As he began to greet people, Ingo Rüdiger Isert was very pleased to observe a considerable number of invited honorifics, of whom we shall mention as representative of the entire contingent the Minister of the Interior of Baden-Württemberg and its official Representative for the Displaced, Refugees and Aussiedler, Heribert Rech; the [Federal] Foreign Office=s Representative For Southern Europe, Nikolaus Graf Lambsdorff; the chargè d’affaires at the Moldovan Embassy in Berlin, Aureliu Ciocoi; and the General Consul of Ukraine stationed in München, Yuriy Yarmilko. In his warm words of greeting for other honored guests as well, that is, representatives of communities and institutions, including Mayor Gabriele Müller-Trimbuschthe  of the [Association’s] sponsoring city of Stuttgart, all of whom he mentioned by name, Isert paid tribute especially to their friendly ties with the Bessarabian Gerrnan Association. He also directed especially cordial greetings to guests who had traveled from Bessarabia and America.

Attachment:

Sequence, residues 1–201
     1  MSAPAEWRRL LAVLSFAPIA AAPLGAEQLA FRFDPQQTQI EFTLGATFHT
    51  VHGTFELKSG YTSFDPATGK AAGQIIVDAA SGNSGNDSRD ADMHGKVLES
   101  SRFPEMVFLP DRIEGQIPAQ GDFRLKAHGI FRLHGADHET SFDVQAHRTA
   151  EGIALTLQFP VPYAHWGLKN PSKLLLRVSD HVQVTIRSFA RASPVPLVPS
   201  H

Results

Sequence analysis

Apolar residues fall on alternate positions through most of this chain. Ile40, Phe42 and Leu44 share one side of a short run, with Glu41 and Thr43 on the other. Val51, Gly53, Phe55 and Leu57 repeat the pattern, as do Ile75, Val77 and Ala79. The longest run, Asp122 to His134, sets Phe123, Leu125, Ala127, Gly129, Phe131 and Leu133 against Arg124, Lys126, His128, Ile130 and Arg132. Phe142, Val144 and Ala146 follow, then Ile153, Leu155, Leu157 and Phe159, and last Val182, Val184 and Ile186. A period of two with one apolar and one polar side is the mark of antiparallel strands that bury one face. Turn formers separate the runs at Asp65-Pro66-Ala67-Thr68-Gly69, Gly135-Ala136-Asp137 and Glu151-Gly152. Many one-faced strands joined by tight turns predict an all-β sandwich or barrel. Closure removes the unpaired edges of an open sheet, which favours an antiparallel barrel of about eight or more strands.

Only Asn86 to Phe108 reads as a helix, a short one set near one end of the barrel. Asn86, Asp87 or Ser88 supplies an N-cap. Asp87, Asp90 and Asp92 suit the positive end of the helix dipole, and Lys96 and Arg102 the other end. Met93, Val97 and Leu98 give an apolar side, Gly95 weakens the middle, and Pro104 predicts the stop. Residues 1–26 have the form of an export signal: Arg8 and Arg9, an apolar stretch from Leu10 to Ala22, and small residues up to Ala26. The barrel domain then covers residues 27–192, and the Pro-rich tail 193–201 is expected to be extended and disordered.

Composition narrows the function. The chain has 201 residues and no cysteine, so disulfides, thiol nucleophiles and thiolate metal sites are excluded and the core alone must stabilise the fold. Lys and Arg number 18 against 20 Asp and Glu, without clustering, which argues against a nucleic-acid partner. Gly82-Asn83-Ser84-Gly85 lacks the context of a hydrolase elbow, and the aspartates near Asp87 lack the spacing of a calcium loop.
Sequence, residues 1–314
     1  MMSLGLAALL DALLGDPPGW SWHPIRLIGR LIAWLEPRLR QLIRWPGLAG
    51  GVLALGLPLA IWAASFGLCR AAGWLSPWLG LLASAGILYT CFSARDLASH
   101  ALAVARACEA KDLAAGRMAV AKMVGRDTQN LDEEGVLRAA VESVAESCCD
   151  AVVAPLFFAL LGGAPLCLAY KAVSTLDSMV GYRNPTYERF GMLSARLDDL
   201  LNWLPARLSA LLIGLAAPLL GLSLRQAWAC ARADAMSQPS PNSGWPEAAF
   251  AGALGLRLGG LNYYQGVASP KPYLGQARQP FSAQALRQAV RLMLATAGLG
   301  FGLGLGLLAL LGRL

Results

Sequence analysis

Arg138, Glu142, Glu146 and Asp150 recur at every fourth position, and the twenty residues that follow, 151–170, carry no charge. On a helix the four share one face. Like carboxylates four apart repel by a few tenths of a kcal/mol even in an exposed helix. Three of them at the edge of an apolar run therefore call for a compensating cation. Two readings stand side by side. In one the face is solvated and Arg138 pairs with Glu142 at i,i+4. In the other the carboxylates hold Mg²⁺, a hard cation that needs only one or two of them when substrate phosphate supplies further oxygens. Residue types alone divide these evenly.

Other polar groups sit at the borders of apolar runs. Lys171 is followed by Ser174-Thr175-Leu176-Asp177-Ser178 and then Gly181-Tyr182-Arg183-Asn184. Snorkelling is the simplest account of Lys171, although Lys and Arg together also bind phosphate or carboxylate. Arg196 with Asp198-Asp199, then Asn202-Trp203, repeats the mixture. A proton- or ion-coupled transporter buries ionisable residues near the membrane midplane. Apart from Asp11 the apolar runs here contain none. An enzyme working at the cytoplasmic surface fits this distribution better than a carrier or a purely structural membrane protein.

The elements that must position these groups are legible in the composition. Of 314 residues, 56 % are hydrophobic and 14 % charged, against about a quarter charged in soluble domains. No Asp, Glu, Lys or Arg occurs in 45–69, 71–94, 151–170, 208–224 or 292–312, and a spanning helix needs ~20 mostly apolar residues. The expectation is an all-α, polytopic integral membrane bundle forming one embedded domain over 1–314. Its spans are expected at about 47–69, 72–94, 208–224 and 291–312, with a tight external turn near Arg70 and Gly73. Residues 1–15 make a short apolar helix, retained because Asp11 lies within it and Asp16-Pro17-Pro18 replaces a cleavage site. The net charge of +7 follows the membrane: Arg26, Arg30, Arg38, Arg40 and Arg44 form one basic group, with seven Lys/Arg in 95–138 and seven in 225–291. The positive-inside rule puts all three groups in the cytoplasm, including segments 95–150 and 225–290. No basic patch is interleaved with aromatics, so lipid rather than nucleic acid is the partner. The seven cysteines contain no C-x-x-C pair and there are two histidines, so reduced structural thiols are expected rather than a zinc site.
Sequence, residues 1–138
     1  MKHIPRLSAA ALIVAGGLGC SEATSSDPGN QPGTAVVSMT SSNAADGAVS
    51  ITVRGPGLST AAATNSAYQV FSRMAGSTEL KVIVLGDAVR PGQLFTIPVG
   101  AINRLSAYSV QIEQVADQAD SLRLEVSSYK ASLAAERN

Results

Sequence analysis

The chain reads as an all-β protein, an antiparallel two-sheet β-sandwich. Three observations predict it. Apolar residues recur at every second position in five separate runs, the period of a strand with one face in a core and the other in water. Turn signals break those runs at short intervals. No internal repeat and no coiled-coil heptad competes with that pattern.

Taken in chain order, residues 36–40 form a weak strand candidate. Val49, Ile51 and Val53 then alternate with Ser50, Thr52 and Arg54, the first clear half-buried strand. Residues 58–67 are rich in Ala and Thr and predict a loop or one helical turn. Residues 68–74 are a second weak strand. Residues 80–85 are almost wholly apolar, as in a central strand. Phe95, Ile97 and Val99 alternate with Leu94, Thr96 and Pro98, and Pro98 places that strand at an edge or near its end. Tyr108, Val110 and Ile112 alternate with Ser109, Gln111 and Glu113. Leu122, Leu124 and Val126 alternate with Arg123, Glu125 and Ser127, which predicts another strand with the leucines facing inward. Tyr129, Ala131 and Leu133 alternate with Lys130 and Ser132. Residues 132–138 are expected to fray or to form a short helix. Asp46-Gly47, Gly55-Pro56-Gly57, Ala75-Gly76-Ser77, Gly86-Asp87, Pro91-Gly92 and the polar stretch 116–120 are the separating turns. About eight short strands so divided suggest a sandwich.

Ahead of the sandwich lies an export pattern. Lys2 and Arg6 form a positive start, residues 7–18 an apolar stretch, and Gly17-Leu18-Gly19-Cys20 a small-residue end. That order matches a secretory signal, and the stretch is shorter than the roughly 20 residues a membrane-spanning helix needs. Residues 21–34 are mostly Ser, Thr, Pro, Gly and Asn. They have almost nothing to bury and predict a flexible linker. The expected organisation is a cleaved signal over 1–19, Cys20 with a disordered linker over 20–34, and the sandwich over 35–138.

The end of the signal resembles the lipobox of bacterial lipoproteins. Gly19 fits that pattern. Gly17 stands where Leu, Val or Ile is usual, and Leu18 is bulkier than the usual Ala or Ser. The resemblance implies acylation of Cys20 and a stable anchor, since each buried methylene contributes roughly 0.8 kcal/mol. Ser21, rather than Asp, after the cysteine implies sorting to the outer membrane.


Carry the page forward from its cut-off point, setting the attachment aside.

In his festive address Minister of the Interior Heribert Rech recalled the resettlement pact signed by Hitler and Stalin seventy years back. He called that date of the signing, September 5, 1940, a memorable day, one that for many Bessarabians became an indescribably sad day. That day signified the end of 125 years of successful settlement history of Germans in Bessarabia. And he continued: It was simply because they were Germans and thus confessed to their origins, language and culture that Bessarabian Germans suffered that fate. After briefly describing life in the camps, settlement in East Europe, and flight, the Minister put strong emphasis on new beginning in Germany, which for many took place rather smoothly thanks to the considerable efforts of Karl Rüb in Württemberg. As early as July, 1945, Rüb, a certified engineer, on his own initiative founded the Stuttgart-based Assistance Project for Evangelical Resettlers and thereby made it possible for 22,000 refugees, primarily Bessarabian Germans, to find residence in Württemberg. Rech went on to describe the integration of the millions of refugees and displaced persons as the real post-war miracle. He also said that the determination of the refugees to make it was an important component for the so-called Economic Miracle to occur. He also pointed to the large exhibit Ihr und Wir [You and We]” being shown in Stuttgart as documentation of the successful integration of those who were driven from their homeland.